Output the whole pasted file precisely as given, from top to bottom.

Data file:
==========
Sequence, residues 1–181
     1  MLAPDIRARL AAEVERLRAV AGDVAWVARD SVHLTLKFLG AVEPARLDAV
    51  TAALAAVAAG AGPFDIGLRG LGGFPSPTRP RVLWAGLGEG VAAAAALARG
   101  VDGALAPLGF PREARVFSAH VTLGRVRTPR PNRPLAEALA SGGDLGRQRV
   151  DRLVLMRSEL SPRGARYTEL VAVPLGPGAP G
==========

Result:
Sequence, residues 1–181
     1  MLAPDIRARL AAEVERLRAV AGDVAWVARD SVHLTLKFLG AVEPARLDAV
    51  TAALAAVAAG AGPFDIGLRG LGGFPSPTRP RVLWAGLGEG VAAAAALARG
   101  VDGALAPLGF PREARVFSAH VTLGRVRTPR PNRPLAEALA SGGDLGRQRV
   151  DRLVLMRSEL SPRGARYTEL VAVPLGPGAP G